Forensic Psychology is a division of psychology. So, with the beginning of psychology, the roots of forensic psychology also began. In 1879, The Father of Psychology, Wilhelm Wundt founded his first lab in Germany. However, the first research conducted in forensic psychology was not until 1893.
James McKeen Cattell conducted his study at Columbia University and ignited the interests of other psychologists. Three years after Cattell, in 1896, psychologists began to testify in court as expert witnesses. According to Psych Central, “The earliest example of this was in Germany. In 1896, Albert von Schrenck-Notzing provided an opinion testimony in the trial of a man accused of murdering three women”. Later, in 1901, William Stern worked with a criminologist on an experiment that showed, yet again, the level of inaccuracy in eyewitness accounts.
Due to the experiment, Stern became very interested in the psychology of testimony, and he established the first journal to explore the subject, Contributions to the Psychology of Testimony. Seven years later, Hugo Munsterberg published On the Witness Stand after a court case in which his client, whom he believed was mentally disabled, was hanged. As a result, “this was one of the events that prompted Munsterberg to publish On the Witness Stand in 1908. In it, he explained that psychology was vital in the courtroom, how suggestion could create false memories and why eyewitness testimony was often unreliable”. Then, Lewis Terman, a Stanford psychologist, began applying psychology to law enforcement in 1916. After he revised Alfred Binet’s intelligence test, the Stanford-Binet test was used to assess the intelligence of law enforcement job candidates.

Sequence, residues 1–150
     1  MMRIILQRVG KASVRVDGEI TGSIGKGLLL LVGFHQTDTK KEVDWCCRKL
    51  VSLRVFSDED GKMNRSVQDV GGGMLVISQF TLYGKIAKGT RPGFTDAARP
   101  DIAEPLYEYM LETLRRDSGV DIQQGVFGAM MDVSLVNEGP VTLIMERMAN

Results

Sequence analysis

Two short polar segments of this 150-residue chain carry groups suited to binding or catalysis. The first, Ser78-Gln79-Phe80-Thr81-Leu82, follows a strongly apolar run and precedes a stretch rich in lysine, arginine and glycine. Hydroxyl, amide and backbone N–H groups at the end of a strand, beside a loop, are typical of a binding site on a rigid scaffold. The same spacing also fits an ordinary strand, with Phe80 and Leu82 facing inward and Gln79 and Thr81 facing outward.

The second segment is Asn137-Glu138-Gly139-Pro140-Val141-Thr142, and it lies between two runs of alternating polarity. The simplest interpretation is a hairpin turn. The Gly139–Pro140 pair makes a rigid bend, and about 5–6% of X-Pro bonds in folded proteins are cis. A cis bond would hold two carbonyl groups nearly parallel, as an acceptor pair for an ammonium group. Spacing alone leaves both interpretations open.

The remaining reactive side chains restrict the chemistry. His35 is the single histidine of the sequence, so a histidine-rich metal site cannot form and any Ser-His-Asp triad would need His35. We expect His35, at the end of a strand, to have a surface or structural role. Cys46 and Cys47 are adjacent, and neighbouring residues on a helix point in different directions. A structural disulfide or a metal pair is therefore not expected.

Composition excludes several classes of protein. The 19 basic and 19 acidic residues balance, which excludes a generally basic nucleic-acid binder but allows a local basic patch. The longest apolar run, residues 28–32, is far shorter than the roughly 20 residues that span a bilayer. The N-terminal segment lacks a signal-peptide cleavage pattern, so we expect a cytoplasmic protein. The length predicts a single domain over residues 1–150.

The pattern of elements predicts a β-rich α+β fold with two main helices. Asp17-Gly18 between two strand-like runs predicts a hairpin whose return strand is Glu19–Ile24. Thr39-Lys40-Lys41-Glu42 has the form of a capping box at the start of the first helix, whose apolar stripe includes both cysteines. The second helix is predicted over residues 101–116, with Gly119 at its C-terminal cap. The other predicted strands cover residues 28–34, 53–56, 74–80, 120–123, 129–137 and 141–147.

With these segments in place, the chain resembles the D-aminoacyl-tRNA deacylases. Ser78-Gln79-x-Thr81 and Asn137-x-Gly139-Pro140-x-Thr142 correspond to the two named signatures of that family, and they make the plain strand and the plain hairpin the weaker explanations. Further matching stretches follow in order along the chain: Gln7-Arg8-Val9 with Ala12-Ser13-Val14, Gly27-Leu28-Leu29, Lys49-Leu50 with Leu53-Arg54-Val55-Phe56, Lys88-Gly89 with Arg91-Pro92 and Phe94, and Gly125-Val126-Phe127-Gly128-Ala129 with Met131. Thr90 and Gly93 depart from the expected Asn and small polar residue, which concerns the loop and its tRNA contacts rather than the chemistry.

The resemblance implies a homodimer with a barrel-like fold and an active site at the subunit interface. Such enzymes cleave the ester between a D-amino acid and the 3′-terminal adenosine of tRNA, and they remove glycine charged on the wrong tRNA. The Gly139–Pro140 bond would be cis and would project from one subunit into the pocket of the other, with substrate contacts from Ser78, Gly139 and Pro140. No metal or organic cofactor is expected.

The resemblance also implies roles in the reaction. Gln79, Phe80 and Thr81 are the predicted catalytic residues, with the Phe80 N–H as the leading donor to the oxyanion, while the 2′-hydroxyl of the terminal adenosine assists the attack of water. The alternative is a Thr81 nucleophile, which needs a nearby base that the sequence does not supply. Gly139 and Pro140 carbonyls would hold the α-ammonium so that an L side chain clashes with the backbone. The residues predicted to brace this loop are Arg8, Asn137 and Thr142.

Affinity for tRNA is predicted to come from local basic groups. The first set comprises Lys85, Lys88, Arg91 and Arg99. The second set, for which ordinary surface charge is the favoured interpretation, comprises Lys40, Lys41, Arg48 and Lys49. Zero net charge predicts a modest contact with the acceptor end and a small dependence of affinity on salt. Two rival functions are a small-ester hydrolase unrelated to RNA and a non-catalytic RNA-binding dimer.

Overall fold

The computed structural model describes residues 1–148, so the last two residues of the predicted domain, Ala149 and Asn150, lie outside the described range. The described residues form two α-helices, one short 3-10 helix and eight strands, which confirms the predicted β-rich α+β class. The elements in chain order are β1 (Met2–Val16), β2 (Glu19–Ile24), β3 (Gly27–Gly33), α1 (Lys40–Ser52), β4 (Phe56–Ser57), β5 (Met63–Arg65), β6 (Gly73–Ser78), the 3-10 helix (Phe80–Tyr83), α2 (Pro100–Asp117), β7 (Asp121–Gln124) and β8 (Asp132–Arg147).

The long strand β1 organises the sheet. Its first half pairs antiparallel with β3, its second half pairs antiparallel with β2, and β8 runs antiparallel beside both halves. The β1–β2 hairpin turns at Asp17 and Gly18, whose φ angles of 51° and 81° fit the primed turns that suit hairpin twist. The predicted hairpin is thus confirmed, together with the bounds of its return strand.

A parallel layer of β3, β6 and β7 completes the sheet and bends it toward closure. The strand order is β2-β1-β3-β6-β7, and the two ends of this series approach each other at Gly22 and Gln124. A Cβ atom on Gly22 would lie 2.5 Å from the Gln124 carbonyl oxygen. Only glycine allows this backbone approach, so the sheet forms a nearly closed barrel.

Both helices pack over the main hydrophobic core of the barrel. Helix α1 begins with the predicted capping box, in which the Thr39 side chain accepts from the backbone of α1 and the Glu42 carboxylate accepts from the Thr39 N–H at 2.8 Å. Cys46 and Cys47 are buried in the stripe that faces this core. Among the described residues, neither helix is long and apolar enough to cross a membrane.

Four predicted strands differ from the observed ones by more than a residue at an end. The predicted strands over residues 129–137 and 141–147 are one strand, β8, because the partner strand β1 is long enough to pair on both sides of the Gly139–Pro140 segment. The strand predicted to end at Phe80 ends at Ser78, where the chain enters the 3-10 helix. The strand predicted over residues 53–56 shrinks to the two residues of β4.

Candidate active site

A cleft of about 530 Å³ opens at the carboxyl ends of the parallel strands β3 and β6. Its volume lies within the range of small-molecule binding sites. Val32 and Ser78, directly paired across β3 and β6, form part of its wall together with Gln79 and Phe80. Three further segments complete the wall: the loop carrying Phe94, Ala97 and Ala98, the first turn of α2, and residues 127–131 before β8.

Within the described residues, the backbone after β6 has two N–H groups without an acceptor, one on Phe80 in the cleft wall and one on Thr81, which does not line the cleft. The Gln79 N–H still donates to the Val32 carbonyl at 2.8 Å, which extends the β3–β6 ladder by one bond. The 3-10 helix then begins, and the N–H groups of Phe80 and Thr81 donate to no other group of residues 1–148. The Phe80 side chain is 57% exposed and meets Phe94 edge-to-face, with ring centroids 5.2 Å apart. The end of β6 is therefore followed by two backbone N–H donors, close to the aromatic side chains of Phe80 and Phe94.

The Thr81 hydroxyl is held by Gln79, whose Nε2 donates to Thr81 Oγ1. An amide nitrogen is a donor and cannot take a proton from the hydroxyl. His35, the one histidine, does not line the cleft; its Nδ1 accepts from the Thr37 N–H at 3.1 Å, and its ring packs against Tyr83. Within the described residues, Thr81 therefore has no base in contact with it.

Forty-three years after Wundt founded his first lab, William Marston was appointed the first professor of legal psychology at American University. Marston and other psychologists worked as one of the first psychological consultants in 1923 on the Frye U.S. case. During the forties and fifties, psychologists began testifying often in court as experts on lots of psychological topics. Twenty years later, a psychologist identified ten types of inmates, these categories were used to assign prisoners their jobs, programs, etc. Finally, in 1991, specialty guidelines were adopted for forensic psychologists by the American Psychology-Law Society. As of 2018, there are 2.64 million forensic psychologists in the workforce.